THE details of the sex abuse scandal currently engulfing Oxfam make for truly shocking reading.
Aid workers, who were supposed to be helping desperately needy people, were instead reportedly inviting prostitutes – some of whom may have been under age – to “Caligula-style” orgies at their staff accommodation in Haiti.
According to whistleblowers, destitute women in one of the poorest countries in the world were being told they could have aid supplies to keep them alive – but only if they were prepared to offer sex in return.
Guilty aid officials were allowed to quietly resign – and move on to other senior jobs in the charity sector – even after admitting to misconduct and gross breaches of trust.
Here in the UK there were reports of 123 incidents of sexual harassment in nine years in Oxfam stores where children as young as 14 were volunteers, and no criminal record checks were carried out on adult staff.
And all the while the quangocrats who ran the charity were immovable in their complacency, and whistleblowers among the staff who repeatedly warned about the scale of the problem were ignored and marginalised.
Let’s face it, the Charity Commission, which is supposed to monitor the entire sector, and the Department for International Development, which funnels millions of pounds of taxpayers’ cash to Oxfam, did absolutely nothing either, despite details of misconduct being widely known.
It is hard to see Oxfam repairing its reputation – which is a terrible pity for the thousands of staff and volunteers doing good work and making a difference in the world. I suspect the malaise in the charity sector goes far deeper than a “few bad apples”.
The big charities have grown enormously over recent years – largely fed by taxpayer cash – and they now resemble nothing less than the large multi-national corporations that they so despise.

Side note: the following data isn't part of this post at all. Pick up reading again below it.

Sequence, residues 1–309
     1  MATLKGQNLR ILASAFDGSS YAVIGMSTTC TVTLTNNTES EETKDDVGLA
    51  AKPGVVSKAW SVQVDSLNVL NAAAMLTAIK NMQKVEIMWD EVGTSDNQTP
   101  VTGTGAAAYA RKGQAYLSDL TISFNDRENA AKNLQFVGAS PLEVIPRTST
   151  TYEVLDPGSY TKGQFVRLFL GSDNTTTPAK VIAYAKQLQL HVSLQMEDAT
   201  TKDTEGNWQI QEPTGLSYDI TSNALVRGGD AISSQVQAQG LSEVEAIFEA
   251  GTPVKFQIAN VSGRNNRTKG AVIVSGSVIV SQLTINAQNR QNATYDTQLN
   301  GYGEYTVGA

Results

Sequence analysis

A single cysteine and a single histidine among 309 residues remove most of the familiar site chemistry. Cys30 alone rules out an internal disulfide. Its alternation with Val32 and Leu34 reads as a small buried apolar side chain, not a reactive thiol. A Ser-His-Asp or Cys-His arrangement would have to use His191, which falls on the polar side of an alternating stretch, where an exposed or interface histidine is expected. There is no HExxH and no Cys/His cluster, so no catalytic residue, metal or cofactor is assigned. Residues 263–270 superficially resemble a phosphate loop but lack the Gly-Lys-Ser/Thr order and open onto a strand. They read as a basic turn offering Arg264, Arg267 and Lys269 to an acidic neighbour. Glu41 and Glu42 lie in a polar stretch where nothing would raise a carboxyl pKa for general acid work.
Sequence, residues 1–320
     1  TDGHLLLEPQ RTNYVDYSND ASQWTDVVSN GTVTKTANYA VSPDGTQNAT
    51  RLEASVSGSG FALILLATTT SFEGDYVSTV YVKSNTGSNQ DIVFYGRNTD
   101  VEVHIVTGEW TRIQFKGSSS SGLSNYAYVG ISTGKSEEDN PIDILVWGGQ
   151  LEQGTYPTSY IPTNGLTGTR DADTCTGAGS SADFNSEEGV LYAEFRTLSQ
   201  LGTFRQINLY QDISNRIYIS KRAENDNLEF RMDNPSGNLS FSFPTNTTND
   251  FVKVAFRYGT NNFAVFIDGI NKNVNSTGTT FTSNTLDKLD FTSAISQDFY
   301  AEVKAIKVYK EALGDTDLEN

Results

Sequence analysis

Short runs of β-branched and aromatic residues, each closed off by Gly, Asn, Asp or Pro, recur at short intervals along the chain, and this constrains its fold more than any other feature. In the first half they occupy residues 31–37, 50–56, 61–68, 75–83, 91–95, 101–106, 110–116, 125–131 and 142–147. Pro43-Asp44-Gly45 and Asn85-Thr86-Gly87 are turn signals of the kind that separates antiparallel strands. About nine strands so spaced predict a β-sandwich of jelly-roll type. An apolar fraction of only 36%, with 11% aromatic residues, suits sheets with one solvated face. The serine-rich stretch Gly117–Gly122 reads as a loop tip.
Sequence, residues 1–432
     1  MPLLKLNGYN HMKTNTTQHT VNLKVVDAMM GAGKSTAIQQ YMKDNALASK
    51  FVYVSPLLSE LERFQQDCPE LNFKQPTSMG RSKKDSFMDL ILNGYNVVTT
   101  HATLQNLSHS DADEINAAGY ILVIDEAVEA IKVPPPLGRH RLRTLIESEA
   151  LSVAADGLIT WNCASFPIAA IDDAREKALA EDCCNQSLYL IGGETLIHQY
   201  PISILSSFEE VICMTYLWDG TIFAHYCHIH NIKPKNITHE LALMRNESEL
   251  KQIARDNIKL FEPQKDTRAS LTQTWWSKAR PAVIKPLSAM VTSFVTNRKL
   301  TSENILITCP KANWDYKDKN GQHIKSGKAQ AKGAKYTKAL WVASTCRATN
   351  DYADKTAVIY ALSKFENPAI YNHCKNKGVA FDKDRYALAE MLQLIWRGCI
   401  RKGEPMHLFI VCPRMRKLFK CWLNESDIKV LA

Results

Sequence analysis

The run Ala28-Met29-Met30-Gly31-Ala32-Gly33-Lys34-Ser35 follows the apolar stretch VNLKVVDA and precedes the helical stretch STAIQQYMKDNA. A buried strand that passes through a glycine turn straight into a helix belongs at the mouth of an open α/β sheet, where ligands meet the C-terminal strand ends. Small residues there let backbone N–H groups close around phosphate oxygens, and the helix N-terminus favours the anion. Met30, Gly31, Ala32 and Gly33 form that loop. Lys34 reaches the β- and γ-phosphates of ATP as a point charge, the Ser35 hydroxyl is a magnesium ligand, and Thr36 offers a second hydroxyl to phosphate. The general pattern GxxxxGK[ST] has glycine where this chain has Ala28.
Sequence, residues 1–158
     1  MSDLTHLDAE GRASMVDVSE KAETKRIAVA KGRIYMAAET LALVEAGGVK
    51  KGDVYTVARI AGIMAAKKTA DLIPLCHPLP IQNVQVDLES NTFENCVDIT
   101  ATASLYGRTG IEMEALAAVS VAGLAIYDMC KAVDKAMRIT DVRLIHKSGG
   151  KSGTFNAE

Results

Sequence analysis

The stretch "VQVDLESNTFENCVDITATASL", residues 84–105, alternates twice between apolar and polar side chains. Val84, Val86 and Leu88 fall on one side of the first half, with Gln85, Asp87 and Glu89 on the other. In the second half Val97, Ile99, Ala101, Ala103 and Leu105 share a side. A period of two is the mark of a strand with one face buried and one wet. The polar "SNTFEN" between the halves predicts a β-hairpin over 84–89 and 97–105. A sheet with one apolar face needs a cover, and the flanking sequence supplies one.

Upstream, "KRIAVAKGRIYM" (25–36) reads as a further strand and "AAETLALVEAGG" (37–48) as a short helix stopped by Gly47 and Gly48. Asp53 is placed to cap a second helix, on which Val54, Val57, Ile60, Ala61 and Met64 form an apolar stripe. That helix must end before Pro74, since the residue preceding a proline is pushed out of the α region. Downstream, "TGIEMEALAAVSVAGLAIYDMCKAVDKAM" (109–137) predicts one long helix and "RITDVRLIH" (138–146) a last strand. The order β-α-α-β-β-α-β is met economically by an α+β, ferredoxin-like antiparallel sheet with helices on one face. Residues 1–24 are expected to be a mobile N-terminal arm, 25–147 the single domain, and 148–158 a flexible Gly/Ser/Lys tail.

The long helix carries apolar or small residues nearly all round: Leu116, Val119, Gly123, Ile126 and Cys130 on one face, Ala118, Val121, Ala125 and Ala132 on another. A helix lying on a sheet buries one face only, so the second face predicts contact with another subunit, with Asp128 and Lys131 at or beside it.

They pay their senior executives obscenely large salaries – while relying on the generosity of volunteers who are paid nothing – and they use high-pressure sales techniques to squeeze more money out of vulnerable donors on modest incomes.
Meanwhile, slickly professional PR and marketing departments pump out a constant diet of politicised propaganda.
Many of the big charities – such as Oxfam which receives almost £32m a year from the British government – are ever more reliant on cash handed over by the state.
This breaches a fundamental principle of charitable giving – that it should be voluntary. The Bible tells us everyone should give according to the purpose of his heart, not grudgingly or of necessity “for God loveth a cheerful giver”.
There’s nothing voluntary about paying tax, and few of us were “cheerful givers” when we filled out our annual tax returns last month, and it adds insult to injury to learn that our hard-earned money is being used by sexual deviants to hire child prostitutes in the developing world.
Poverty remains a scourge in the world, but we know from cold, hard, factual evidence precisely what works in terms of helping the poor, and this can be summed up in the phrase “trade, not aid”.
Oxfam officials swanning about in brand new 4x4s do not improve the lot of the poor, but property rights, the rule of law and free trade does.
According to the World Bank, more than a billion people have been lifted out of extreme poverty since 1990 – largely thanks to free market capitalism.
In contrast countries that have adopted socialist and collectivist systems have seen poverty rates rocket – for example in Venezuela where families are eating their own pets to stay alive.
Yet Oxfam spends a fortune pumping out an enormous amount of propaganda attacking free markets – in other words it campaigns against the one thing with a proven record of helping the poor.
I believe the big charities, including Oxfam, need a major rethink of their strategies if they are to regain public trust. They should give the misguided politicking a rest and return to the values – mainly Christian-inspired – of their founders.
Until that happens. I suspect many people will avoid giving to the big corporate charities and instead donate to smaller, apolitical, local charities where they can see exactly where their money is being spent.